Apple reports most national security orders ever this year

In the company’s biannual transparency report, classified demands from the government more than tripled compared with the same period last year.

Alfred Ng Senior Reporter / CNET News
Alfred Ng was a senior reporter for CNET News. He was raised in Brooklyn and previously worked on the New York Daily News's social media and breaking news teams.
Alfred Ng
2 min read

Apple reported more than 13,000 national security requests in the first half of 2017. That's more than triple the amount from the same period last year.

James Martin/CNET

The US government set a new record for Apple , by submitting more national security requests than ever before.

On Thursday, Apple released its biannual transparency report, which details how frequently it gets requests for customer data from governments and private parties. With more than a billion iOS devices active around the world, governments are increasingly looking to Apple and its technology to gain information about people.

In the first half of 2017, from Jan. 1 to June 30, Apple received 13,250-13,499 national security requests from the US government, according to the report. The demands affected between 9,000 and 9,249 people using Apple's devices.

That's more than double the number of requests Apple reported for the last half of 2016. And it's triple the amount of requests from the first half of last year. During this same time period in 2016, Apple received 2,750 to 2,999 national security orders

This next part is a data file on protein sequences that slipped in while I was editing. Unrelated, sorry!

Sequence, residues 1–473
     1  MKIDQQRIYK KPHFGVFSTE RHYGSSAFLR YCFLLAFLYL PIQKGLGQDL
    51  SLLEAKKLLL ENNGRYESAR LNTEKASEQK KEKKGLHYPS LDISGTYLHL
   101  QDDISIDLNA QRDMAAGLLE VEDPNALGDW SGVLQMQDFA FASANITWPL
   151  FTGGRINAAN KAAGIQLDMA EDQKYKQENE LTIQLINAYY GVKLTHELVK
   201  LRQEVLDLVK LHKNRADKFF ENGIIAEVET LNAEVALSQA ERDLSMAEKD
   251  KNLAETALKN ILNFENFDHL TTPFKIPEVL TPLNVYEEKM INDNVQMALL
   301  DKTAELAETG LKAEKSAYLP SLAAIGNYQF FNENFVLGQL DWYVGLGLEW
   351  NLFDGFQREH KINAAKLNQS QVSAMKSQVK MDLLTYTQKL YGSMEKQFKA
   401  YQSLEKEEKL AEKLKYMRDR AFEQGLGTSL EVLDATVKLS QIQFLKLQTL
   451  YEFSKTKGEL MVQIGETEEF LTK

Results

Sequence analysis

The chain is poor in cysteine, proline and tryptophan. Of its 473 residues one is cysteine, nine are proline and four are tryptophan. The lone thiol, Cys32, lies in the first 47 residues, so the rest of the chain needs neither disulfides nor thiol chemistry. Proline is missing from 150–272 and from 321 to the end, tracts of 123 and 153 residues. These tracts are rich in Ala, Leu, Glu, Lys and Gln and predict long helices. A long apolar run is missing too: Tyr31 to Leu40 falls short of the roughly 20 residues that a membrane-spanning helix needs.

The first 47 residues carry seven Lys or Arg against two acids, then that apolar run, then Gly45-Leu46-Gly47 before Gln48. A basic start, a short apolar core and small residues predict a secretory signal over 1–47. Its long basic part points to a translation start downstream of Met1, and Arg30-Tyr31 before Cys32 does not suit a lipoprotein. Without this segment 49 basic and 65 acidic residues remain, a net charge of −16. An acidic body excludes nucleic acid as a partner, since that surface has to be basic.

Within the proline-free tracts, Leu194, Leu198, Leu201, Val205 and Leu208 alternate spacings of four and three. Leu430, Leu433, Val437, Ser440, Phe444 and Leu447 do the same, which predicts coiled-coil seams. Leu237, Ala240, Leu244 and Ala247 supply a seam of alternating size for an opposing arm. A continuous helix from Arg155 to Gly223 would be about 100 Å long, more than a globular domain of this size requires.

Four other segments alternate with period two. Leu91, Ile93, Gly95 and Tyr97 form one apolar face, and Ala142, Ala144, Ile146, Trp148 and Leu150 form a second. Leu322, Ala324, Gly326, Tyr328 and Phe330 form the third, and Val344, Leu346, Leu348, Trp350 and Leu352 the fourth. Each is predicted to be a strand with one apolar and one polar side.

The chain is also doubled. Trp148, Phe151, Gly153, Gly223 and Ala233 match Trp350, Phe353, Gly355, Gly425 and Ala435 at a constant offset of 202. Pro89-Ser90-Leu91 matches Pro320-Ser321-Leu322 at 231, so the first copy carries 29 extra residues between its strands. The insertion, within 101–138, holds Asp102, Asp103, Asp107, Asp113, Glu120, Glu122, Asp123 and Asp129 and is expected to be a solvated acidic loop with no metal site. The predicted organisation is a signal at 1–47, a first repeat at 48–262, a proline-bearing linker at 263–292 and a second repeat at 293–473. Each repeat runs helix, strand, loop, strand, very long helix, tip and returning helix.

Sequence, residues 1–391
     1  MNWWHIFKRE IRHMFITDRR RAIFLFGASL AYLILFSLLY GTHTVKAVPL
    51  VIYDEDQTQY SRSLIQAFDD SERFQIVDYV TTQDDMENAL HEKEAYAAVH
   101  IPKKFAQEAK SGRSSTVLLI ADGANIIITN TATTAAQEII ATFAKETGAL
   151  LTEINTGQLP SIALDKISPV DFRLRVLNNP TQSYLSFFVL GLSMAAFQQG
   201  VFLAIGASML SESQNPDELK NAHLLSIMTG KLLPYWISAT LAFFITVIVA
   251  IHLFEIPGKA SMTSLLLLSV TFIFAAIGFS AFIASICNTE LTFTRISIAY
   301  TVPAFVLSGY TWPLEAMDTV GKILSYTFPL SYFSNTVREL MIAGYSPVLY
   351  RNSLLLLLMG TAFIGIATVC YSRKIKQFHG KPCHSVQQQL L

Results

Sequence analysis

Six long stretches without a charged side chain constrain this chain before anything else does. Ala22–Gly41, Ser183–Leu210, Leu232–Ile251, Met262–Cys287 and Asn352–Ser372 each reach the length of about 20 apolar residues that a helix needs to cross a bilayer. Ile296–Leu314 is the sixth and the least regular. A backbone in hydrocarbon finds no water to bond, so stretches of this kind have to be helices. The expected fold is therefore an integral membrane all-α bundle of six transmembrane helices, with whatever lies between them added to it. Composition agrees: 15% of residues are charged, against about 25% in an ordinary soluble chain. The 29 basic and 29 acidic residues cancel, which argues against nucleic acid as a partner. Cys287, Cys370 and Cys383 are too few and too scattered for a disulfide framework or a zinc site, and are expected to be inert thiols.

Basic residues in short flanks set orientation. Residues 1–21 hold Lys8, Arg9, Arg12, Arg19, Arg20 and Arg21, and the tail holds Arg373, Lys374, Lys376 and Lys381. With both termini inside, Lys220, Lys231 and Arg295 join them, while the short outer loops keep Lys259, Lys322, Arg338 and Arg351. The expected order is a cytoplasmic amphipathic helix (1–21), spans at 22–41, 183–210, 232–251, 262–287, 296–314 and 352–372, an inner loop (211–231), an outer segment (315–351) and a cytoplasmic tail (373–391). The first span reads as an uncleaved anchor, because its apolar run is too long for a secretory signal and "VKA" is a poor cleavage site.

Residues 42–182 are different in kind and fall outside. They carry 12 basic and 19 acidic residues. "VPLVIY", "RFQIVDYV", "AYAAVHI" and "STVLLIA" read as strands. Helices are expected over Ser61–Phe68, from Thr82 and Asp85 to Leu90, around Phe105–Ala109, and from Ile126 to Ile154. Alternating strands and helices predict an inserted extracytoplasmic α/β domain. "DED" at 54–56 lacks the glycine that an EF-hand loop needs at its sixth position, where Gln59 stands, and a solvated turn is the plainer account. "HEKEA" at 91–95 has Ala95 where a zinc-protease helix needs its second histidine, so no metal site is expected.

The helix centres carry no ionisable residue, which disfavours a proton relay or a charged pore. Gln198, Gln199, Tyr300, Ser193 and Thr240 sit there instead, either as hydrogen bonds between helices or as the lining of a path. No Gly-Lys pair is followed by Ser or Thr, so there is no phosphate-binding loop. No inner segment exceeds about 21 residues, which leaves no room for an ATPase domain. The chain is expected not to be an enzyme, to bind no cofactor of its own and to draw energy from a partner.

This is the most national security orders Apple has ever reported. The reporting period covers former President Barack Obama 's last 20 days in office, and the first 160 days of President Donald Trump 's administration. It's unclear how many requests came from each administration. So far this year, Apple has complied with 70 percent of the requests. 

The Justice Department declined to comment on the increased number of national security requests.

Apple reports national security requests in bands of 250. These requests include orders received under the Foreign Intelligence Surveillance Act, and national security letters, which don't need a judge's approval because they're issued by the FBI. The company says it would like to be more specific but can't because of legal restrictions.

"By law, this is the most precise information we are currently allowed to disclose," Apple said in the report.

Apple isn't the only company that's received national security letters. Twitter disclosed in January that it received two from the FBI in the last two years that previously came with gag orders not to discuss them. Google, Yahoo and Cloudflare also have published national security letters received from the FBI, some dating back to 2013.  

Requests from law enforcement worldwide also increased. Apple disclosed that it received 30,814 demands for 233,052 devices in the first half of 2017. That's up slightly from Apple's report on the later half of 2016, but less than the 33,006 device requests reported in the year-ago period. Examples of these requests include law enforcement helping customers track down lost or stolen devices, as well as requests related to fraud investigations, Apple said in the report. 

First published Sept. 28, 10:33 a.m. PT
Update, 10:38 a.m.: Adds that the Justice Department declined to comment.

The Smartest Stuff: Innovators are thinking up new ways to make you, and the things around you, smarter.

iHate: CNET looks at how intolerance is taking over the internet.